CS: Did you have any special challenges in commissioning site-specific works for the garden?

MF: Many of them. For one thing, commissioned sculptures, at least those we commissioned, were intended as permanent works; Martin Puryear’s tapered granite columns at the entrance, Jackie Ferrara’s wooden-deck seating area, the Oldenburg-van Bruggen fountain, and the Armajani bridge were to be there for the long haul. This meant that the Walker had special concerns, such as the durability of materials and maintenance issues, especially considering the effects of Minnesota’s long mega-winters. In fact, it soon became clear that installing sculptures outdoors requires quite a different mindset than placing them in the galleries. Compared to installing works outdoors, in the museum you have complete control. When you work outside the building on public land you soon realize that you are only one of many other specialists, who also have pretty good ideas about what can or cannot be done on that land. Lots of discussions, therefore, are necessary with city and state officials in order to arrive at constructive collaborative approaches.

Fortunately, the Walker’s partnership with the Park Board has worked out well and the Minneapolis Sculpture Garden is definitely perceived by the public as an ongoing joint venture. There were other important partnerships. I attended numerous evening meetings with concerned community groups, each with its own idea of what the garden should or should not look like, and, in some cases, whether there should even be a garden. Often, the next morning, I would arrive bleary-eyed for a 7:00 a.m. breakfast meeting (such meetings are a crucial ritual of business and civic life in the Midwest). Aside from the regulars from the Walker and the Park Board, there was a constantly changing cast of characters munching away: city and state representatives, city engineers, sidewalk and zoning specialists, all with definite ideas of their own and the authority to back them up. It was pretty territorial stuff. As I quickly learned, they were not obstructionists, in any sense, but simply wanted to know in full detail what we had in mind for the garden and bridge. They explained why some of our proposals were achievable, while others were not—but the atmosphere was always positive. Things moved along systematically but it was a long process—a series of negotiations. There were so many agencies whose approval was needed for clearances and variances. When you work as long and as closely as the Walker did with city, state, and park officials, you can expect to be constantly involved in such deliberations. But these were highly productive sessions during which it became clear that the Minneapolis Sculpture Garden project had considerable moral as well as technical support from these various agencies. In effect, they bought into the idea and helped make it happen.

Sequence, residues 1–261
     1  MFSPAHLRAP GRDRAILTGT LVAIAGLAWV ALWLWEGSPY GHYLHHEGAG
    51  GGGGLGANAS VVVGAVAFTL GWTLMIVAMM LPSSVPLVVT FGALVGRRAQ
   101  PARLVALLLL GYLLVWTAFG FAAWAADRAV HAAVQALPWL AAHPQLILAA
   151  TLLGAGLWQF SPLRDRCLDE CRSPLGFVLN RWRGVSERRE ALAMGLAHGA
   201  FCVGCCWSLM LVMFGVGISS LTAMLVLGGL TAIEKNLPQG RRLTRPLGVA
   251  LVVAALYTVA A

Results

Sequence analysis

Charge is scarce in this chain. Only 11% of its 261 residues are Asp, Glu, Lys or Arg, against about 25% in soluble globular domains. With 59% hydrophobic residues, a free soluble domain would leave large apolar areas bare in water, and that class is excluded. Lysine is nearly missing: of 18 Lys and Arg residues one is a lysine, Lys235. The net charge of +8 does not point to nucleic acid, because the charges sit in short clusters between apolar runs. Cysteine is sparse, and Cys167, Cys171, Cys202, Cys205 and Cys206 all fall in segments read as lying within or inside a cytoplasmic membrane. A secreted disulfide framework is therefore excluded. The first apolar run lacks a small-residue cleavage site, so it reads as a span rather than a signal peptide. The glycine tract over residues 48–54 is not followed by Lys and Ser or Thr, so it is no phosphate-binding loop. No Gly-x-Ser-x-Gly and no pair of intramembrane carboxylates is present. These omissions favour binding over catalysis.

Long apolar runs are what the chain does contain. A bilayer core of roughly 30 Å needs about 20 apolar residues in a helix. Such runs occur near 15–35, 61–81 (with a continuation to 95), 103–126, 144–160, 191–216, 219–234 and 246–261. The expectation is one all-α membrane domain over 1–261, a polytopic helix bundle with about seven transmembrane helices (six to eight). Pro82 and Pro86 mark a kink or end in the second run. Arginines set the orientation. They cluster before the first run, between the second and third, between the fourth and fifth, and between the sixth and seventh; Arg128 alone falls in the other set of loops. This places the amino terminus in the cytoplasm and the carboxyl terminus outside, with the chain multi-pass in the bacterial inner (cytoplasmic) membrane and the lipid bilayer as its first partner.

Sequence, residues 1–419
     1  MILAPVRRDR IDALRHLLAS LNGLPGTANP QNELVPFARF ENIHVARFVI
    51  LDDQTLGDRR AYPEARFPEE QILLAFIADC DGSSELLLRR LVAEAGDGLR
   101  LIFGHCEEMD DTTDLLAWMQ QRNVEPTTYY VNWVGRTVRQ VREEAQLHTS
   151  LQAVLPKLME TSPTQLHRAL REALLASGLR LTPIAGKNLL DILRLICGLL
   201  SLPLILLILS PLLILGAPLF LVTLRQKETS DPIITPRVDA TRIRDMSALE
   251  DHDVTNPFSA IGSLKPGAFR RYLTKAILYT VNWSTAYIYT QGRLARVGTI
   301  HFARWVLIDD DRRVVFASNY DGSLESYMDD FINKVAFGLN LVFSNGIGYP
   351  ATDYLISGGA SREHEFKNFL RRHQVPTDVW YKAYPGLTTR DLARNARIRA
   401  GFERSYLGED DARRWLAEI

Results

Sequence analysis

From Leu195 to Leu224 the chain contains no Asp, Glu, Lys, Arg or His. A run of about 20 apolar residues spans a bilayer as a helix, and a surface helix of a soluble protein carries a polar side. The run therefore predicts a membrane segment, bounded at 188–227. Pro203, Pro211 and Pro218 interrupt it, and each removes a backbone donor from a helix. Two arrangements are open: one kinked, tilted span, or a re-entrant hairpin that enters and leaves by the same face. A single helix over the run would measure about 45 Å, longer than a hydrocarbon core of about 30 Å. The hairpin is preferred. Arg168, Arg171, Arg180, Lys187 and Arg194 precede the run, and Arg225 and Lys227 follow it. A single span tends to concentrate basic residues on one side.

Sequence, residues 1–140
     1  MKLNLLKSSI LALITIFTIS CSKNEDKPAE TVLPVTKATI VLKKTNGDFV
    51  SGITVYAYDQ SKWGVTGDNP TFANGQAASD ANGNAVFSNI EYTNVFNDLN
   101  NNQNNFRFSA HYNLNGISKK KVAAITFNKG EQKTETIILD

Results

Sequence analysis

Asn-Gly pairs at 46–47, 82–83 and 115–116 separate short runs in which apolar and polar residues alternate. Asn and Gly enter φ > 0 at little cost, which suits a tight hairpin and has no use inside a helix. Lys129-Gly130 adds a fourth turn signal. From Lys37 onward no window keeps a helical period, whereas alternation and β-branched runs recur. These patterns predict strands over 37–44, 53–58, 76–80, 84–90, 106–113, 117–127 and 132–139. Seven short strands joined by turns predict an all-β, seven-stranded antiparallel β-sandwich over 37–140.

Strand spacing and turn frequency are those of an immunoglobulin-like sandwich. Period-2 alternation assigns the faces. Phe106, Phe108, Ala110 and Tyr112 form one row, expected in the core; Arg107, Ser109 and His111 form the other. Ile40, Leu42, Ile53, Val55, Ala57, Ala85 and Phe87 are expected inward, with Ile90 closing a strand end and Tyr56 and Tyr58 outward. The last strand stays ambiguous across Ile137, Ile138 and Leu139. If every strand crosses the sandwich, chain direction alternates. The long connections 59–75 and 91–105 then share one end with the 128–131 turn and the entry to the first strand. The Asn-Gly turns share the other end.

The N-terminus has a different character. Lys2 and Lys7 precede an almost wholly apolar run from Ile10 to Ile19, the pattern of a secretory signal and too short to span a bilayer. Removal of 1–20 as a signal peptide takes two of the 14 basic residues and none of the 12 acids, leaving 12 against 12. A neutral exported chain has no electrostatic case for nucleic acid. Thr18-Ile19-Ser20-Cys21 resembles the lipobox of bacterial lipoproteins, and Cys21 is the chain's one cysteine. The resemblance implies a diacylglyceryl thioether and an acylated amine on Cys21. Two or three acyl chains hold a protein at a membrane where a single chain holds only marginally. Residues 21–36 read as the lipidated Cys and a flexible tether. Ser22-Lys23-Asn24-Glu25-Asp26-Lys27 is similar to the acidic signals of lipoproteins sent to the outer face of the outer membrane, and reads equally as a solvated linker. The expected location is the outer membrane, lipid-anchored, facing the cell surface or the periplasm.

View of the Isamu Noguchi gallery installation at the Walker Art Center, 1978.

CS: It is clear that you were a successful fundraiser. You brought a special talent to that role. What did you bring to the situation that led people to trust you with their resources?

MF: Actually, I think the idea of the sculpture garden largely sold itself. As to attracting substantial funding from private, corporate, and foundation sources, the Walker’s record of artistic accomplishments and the positive public response to these were the key factors. Of course, the notion of a sculpture garden as a public space had particularly strong appeal. Many of those who contributed substantially to its realization couldn’t have cared less about sculpture but saw the garden as a great new civic resource. Others were more interested in the park concept—a handsome tree-filled space near the center of town. Still others were interested in the garden as a place that would offer a variety of special programs and activities for various constituencies—young people, the elderly, and others. In raising funds for the garden we gave potential donors the options of supporting its construction, helping the Walker acquire important sculptures for display there, or sponsoring specific programs ranging from education activities to special exhibitions. Then, happily, a number of sponsors wanted to help the Walker acquire important sculptures for the garden, either through purchase of existing works or by commissioning new ones.